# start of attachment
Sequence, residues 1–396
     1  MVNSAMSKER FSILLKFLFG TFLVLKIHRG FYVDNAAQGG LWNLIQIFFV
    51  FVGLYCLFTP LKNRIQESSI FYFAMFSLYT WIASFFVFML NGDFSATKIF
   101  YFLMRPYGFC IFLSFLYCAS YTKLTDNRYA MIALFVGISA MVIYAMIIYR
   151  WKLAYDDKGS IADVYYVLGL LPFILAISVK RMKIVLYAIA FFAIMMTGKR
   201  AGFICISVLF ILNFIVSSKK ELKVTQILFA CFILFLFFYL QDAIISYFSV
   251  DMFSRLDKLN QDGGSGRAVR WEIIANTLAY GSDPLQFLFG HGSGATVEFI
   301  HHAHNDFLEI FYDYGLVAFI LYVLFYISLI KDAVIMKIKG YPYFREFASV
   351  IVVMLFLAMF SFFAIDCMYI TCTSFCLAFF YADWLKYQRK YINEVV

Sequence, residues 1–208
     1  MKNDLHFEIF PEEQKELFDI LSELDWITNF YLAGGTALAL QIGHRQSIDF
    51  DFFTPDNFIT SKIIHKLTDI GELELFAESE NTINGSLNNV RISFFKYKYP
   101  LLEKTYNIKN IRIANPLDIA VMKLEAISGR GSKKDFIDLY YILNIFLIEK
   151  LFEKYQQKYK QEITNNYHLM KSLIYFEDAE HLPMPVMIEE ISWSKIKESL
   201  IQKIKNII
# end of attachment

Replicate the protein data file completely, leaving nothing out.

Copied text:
Sequence, residues 1–396
     1  MVNSAMSKER FSILLKFLFG TFLVLKIHRG FYVDNAAQGG LWNLIQIFFV
    51  FVGLYCLFTP LKNRIQESSI FYFAMFSLYT WIASFFVFML NGDFSATKIF
   101  YFLMRPYGFC IFLSFLYCAS YTKLTDNRYA MIALFVGISA MVIYAMIIYR
   151  WKLAYDDKGS IADVYYVLGL LPFILAISVK RMKIVLYAIA FFAIMMTGKR
   201  AGFICISVLF ILNFIVSSKK ELKVTQILFA CFILFLFFYL QDAIISYFSV
   251  DMFSRLDKLN QDGGSGRAVR WEIIANTLAY GSDPLQFLFG HGSGATVEFI
   301  HHAHNDFLEI FYDYGLVAFI LYVLFYISLI KDAVIMKIKG YPYFREFASV
   351  IVVMLFLAMF SFFAIDCMYI TCTSFCLAFF YADWLKYQRK YINEVV

Sequence, residues 1–208
     1  MKNDLHFEIF PEEQKELFDI LSELDWITNF YLAGGTALAL QIGHRQSIDF
    51  DFFTPDNFIT SKIIHKLTDI GELELFAESE NTINGSLNNV RISFFKYKYP
   101  LLEKTYNIKN IRIANPLDIA VMKLEAISGR GSKKDFIDLY YILNIFLIEK
   151  LFEKYQQKYK QEITNNYHLM KSLIYFEDAE HLPMPVMIEE ISWSKIKESL
   201  IQKIKNII